By Emily Verbiest, Staff Writer
Formidable yet inviting, Emilie Brzezinski’s lofty wood sculptures elegantly tower over onlookers in the Fine Arts Gallery. The room’s glossy grey floors and sleek white walls create an industrial atmosphere that sharply contrasts the rugged and organic wooden textures of Brzezinski’s pieces, resulting in an especially enticing exhibit. From now until Oct. 7, Mason’s School of Art is hosting “Natural Fact,” an exhibit showcasing various pieces from Brzezinski’s 40-year career as a sculptor.
Currently a resident of McLean, Virginia, Brzezinski was born in Switzerland but moved to the United States during World War II. After being raised in California, she earned an art history degree from Wellesley College in 1953 and began her artistic career in the 1970s. Armed with tools such as chainsaws and axes, her work centers around the usage of wood to create immense, raw and striking pieces of art.
While utilizing the timeless allure of nature, Brzezinski creates wooden pieces that remain true to their natural form. She intentionally avoids over-transforming the natural objects she works with in order to allow the pieces to speak for themselves. Brzezinski unearths the essence of the wood’s history by sawing, carving and cutting while maintaining the tree’s original outline. As an artist, she does not exert absolute dominance over the natural materials she uses, but instead works jointly with the wood to extract meaning.
Don Russell, the university curator, explained how the basis of Brzezinski’s process lays in nature awareness and being able to communicate with the natural materials.
“She really asks the tree what meaning is inside it and she is just following and having a conversation with the tree, using a chainsaw,” Russell said.
The exhibit’s underlying theme relates to transcendentalism, which greatly reveres nature’s intrinsic value. Exhibitions Specialist Jeff Kenney described how this perspective is reflected in Brzezinski’s approach to art.
“With her work, it’s this concept of truth to materials, where you leave a lot raw and it’s not glazed or painted or colored, just reducing the art to the form of a simple line or a simple wedge.”
“Natural Fact” shows Brzezinski’s evolution as an artist by displaying several pieces from her earlier, more experimental years as a sculptor. An intriguing glass figure from 1979 titled “Transparent Object #2” and a sculpture titled “The Mold as a Piece of Art” from 1982 fall under the category of her exploratory work.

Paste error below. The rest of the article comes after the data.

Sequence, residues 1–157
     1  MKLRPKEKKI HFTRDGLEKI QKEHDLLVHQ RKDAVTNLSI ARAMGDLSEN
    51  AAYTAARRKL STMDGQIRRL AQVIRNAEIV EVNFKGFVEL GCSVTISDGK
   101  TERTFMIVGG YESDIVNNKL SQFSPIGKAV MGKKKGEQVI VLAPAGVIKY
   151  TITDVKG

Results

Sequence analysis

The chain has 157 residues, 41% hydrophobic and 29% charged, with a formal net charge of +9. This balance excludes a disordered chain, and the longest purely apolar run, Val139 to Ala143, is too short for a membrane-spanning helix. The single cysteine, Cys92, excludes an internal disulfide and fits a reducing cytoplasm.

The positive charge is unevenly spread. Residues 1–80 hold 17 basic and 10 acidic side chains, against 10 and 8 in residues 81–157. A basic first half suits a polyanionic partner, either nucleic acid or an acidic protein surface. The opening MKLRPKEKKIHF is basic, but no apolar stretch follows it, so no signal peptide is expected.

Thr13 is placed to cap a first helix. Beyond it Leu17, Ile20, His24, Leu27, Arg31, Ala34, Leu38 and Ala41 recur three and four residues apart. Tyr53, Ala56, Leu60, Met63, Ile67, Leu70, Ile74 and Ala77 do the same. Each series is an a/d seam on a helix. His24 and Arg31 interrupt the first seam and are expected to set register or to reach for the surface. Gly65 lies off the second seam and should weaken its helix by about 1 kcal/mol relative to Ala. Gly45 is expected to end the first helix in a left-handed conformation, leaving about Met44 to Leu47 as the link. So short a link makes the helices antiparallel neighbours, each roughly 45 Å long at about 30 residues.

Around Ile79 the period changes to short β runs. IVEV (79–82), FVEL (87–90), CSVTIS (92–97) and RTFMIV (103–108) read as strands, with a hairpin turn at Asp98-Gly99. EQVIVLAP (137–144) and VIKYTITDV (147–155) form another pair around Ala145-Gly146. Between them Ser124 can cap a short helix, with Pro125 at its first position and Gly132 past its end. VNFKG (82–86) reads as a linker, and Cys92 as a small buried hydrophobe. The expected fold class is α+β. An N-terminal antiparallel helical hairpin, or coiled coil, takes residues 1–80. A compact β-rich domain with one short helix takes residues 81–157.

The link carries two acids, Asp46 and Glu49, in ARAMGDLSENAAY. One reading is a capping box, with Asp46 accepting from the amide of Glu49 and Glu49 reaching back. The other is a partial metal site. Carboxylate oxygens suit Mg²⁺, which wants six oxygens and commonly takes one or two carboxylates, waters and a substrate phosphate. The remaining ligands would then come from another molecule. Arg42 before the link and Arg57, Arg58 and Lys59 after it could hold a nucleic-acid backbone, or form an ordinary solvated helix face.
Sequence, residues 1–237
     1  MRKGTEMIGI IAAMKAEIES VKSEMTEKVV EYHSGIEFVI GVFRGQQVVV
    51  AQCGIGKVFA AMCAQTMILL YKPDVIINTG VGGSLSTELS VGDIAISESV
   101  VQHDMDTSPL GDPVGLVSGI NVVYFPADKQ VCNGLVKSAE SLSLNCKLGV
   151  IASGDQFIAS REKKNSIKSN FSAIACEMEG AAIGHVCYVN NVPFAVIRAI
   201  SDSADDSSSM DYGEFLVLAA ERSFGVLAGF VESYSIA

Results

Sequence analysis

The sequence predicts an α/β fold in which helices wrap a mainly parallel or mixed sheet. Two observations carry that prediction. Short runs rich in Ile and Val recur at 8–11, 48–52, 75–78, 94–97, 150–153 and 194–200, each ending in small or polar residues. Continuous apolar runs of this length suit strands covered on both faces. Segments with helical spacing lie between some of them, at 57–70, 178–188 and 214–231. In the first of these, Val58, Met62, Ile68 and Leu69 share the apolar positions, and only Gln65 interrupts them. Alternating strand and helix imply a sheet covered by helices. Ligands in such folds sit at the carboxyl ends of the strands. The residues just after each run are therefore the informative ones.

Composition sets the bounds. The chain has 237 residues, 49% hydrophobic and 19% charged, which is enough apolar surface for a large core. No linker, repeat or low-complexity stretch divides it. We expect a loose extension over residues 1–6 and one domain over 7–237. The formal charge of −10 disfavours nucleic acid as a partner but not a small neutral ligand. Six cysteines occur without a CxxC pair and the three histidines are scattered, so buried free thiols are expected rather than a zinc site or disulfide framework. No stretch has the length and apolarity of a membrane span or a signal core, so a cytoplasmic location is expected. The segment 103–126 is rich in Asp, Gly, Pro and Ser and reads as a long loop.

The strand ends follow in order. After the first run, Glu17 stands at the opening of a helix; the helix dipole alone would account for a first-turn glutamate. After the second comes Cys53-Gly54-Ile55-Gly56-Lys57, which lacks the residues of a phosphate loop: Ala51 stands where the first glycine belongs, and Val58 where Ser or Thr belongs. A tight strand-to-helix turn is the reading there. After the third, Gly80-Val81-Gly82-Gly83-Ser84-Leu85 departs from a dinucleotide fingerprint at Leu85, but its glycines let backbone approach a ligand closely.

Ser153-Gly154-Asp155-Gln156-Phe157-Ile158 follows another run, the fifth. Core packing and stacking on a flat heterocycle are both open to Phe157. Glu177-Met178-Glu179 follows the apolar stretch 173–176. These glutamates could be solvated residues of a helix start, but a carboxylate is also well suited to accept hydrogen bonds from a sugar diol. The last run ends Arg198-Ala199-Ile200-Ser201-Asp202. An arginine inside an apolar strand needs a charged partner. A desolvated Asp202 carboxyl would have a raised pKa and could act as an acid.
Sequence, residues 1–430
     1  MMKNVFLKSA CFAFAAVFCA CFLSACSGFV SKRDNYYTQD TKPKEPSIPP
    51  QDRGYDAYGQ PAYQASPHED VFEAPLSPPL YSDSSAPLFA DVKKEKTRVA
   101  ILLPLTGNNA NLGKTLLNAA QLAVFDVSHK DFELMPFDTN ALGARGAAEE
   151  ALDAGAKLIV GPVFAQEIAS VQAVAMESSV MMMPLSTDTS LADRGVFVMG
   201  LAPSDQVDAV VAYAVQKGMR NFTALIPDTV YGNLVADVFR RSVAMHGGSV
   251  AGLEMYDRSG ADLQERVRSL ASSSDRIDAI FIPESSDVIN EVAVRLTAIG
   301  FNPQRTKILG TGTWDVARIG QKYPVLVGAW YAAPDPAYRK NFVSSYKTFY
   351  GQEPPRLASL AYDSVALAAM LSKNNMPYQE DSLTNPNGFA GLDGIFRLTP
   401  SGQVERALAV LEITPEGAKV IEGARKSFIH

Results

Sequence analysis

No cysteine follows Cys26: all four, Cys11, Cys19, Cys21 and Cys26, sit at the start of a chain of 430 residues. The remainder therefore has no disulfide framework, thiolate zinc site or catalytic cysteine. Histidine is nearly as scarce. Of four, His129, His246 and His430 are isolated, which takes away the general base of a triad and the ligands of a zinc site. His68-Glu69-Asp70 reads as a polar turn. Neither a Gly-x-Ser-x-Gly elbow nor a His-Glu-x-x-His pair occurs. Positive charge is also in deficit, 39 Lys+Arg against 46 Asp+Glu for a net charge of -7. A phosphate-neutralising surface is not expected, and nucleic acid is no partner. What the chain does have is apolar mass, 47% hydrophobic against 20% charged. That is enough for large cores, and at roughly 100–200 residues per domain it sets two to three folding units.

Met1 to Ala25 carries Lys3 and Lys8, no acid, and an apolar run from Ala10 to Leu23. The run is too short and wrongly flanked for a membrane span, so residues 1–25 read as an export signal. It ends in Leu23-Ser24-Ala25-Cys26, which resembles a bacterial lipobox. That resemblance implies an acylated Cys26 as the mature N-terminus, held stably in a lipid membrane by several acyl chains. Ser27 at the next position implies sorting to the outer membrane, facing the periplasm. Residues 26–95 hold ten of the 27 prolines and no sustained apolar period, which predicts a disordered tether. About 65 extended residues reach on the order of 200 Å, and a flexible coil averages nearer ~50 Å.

Russell explained how “The Mold as a Piece of Art” was created by covering a tree with rubber foam, then peeling it off, leaving a raw impression on the foam. Innovative experiments such as that would guide Brzezinski to her future work.
“A lot of these were experiments, she had a question so she came up with an experiment and this is the result. It was like a sketch, in a sense, for the later work,” Russell said.
Despite the variations in her work, all of Brzezinski’s pieces possess a similar sense of vigor and liveliness, much like her character.
“She’s a force,” Russell, who has known Brzezinski for more than thirty years, said. “She is graceful but also penetrating and investigatory. These [pieces] are all investigations of a tree, and of nature. She is incredibly dignified but also very warm. It’s an amazing combination.”
Brzezinski’s work is undoubtedly driven by a deep love of nature. Consequently, her spirited vision has produced magnetic pieces of art.
Russell said, “people are naturally drawn to it. As humans, we all have a strong desire to connect or reconnect with nature, natural objects or naturally rendered things, especially in this era where everything is mediated through a screen. … Artwork opens a space where people can consider different ideas, different things than what’s already in their heads. Art is an opportunity for learning.”
The captivating exhibit almost acts as an on-campus sanctuary or a tranquil retreat. On a quiet Monday afternoon, sophomore Aekta Bandodker strolled through the exhibit admiring the pieces. When asked for her opinion on the art she pointed to the “Cherry Breezes” piece, a stunning redwood sculpture that bends at the core to create the illusion of movement, she said, “It looks like the wind is blowing in the trees.”
Bandodker then pointed at the “Two Poplar Cores” piece, which resembles a battered shell and said, “it looks like an open acorn, it reminds me of “Alice and Wonderland.” Everything in here is so peaceful. … The more time I spend in here, the more things I notice and I don’t want to leave, it’s such a great escape.”